Instead of them saying no four times to four brands (manga or anime that they might not be that familiar with), if I’ve got their trust that I’m going to pick four brands that I’ll have four characters visually, in terms of loyalty and the fan base liking it, and I put all four of them into the same box and ask “will you take it then,” and they’re saying “Ok, that makes a lot more sense to us.”

So the reason for the variety is just trying to swim around and catch as many brands/characters as I can without going too deep on any one of them that might not be successful.   

Naruto prototype
Are you doing manga or anime licenses?

Arguably, going forward, everything.  Manga, comic book, anime, video games, movies, I’m putting them all under what I’m calling McFarlane Color Tops.  In its simplest form, the first wave comes out as a Red Top, and then the next time you see any of the boxes it will be the same size, the same shape, the same design, but the top is a different color.  It just means there’s more cool stuff.  Within the confines of cool can be all these genres.  And obviously manga and anime are two of the ones we’re going to continue to put into it as a steady mix. 

Are the first three licenses, Naruto, Attack on Titan, Tokyo Ghoul – are those licensed from the manga or the anime?

Obviously I think most people here in America are most familiar with the anime version, or sometimes the app video games, but overseas, especially in Japan they’re way more familiar with this stuff starting in comic book form.  We’ll let the audience dictate to us, and if they want a look from a different style, cool.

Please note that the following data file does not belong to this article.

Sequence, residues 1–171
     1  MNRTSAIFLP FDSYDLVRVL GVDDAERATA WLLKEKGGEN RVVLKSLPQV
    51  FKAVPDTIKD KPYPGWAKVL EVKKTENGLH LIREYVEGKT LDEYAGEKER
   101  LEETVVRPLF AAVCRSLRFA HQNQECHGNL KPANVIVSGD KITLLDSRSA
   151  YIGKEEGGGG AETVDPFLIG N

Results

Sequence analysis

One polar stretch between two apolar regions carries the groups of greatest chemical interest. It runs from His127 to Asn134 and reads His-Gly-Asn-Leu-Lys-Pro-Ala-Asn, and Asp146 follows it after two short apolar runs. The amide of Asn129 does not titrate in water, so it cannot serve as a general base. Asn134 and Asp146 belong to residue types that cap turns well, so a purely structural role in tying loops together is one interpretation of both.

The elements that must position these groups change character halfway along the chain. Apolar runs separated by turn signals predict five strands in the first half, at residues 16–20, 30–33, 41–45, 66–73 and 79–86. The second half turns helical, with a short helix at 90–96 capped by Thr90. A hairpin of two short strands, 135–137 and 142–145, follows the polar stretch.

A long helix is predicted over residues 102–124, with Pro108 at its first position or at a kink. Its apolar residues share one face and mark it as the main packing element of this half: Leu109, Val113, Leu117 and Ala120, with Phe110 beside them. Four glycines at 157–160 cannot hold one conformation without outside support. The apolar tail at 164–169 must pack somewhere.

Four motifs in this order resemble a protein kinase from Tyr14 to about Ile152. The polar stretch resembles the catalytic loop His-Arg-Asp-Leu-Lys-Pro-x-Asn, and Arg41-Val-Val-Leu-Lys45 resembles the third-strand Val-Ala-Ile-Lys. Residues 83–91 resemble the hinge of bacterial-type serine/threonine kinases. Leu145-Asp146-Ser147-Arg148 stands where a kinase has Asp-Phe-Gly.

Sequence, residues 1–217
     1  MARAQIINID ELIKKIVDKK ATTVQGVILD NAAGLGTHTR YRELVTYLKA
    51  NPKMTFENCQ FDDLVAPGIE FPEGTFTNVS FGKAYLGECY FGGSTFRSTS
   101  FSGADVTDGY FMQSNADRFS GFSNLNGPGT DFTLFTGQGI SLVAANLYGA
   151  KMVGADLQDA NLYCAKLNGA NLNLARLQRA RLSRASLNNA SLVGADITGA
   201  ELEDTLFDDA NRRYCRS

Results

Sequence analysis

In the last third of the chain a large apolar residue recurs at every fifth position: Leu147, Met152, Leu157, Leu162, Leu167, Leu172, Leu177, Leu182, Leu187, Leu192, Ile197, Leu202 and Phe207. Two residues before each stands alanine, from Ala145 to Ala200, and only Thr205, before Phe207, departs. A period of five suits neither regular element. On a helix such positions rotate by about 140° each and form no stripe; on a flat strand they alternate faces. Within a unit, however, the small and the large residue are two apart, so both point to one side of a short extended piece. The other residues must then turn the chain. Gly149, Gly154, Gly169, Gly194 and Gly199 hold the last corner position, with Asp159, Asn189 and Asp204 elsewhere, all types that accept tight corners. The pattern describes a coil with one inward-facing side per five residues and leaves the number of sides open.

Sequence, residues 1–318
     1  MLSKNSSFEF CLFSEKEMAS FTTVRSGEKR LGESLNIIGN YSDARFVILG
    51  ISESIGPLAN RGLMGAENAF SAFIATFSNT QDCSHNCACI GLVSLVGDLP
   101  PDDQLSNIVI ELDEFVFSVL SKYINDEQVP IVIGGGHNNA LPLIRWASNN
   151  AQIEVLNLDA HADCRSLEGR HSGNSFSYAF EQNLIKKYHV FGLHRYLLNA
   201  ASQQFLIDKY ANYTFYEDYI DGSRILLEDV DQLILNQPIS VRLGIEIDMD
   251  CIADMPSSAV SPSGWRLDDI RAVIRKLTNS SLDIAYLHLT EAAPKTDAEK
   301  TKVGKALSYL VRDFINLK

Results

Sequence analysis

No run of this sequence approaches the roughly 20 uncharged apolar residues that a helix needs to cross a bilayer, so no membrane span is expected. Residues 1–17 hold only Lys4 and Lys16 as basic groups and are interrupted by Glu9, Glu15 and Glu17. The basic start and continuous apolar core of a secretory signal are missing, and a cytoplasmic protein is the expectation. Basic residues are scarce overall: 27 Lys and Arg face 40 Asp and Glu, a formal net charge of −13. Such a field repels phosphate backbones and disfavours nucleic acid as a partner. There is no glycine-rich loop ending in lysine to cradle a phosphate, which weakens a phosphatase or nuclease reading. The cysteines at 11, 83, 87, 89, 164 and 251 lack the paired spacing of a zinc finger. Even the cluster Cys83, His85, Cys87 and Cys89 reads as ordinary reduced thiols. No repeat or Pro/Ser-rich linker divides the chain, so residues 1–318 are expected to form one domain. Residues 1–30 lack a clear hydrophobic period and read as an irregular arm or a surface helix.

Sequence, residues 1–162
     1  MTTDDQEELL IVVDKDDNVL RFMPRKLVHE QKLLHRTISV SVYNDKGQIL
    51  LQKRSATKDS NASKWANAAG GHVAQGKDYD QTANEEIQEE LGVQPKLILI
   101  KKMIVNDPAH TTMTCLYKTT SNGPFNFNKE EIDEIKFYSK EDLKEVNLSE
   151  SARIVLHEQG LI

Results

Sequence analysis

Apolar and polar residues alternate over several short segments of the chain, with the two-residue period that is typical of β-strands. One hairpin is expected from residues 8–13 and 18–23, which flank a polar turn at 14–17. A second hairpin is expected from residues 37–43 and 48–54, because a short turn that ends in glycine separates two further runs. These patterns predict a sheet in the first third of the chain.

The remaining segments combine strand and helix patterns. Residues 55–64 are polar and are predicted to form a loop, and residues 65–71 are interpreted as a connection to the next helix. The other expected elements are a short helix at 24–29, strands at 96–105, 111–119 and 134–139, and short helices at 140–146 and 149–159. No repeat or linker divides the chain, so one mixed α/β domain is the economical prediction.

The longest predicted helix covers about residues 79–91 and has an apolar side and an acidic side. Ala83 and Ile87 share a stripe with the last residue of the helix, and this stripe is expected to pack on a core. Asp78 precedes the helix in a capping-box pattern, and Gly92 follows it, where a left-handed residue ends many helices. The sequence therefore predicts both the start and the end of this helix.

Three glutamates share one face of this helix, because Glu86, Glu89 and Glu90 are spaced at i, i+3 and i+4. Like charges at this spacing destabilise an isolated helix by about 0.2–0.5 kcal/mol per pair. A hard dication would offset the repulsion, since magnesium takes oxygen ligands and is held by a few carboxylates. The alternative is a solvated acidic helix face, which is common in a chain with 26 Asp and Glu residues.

They’ve sold probably a 100 different kinds of Batmans in my lifetime, so I can give them two or three different versions of characters in different styles.  We’ve done five or six Rick Grimes figures from The Walking Dead.  I did 35 series of Spawn.  So you can sell “A” characters more times.  I’ve sold five different Peyton Mannings.   

Now that you’ve announced these new licenses, what’s the response been like?

Good!  Tokyo Ghoul is probably the least known, especially for the retailers that walked through the Toy Fair showroom, but they’re trusting our instincts that we’ll pick the right characters and not make too many of any brand that’s still trying to get its footing.  But they think variety and diversity among the collector group is good.  I was surprised at how enthusiastic they were. 

Is three Japanese properties at a time about the right number, or will that change?

It will vary, because we’re not doing a lot of figures.

I used to put out six to eight figures every time I put out a new series.  But we’re going to make that more like four to five in each series, but come out with series more often.  So the amount of figures might end up being the same over time.

Instead of doing three waves of 6, 6, and 8 figures which might end up being 20 figures, are we better off doing five waves of four?  It still ends up being 20, but what it does is that it turns over the product on the shelves a little faster and it gives a reason for the collectors to go into the store a little more often, which the retailers like.  And it starts to create a little bit more of an urgency for the customers to go shopping every 30 to 60 days instead of every 60 to 90 days. 

One of the things that’s a fallout of geek is that we are older, we have our disposable income, and because of that when we go into a store we’re usually not there for just one purpose.  So the ticket of our ilk is pretty good, because after we’re done buying our geeky toys we end up buying a lot of electronics, and car parts, and high end other products that they make a lot of money on.  Sometimes having some of that data has looked at my product, without ever saying it, like a loss leader.  It’s like eggs and milk.  Get them in the door and they’ll buy steaks eventually.  My stuff is like the eggs and milk.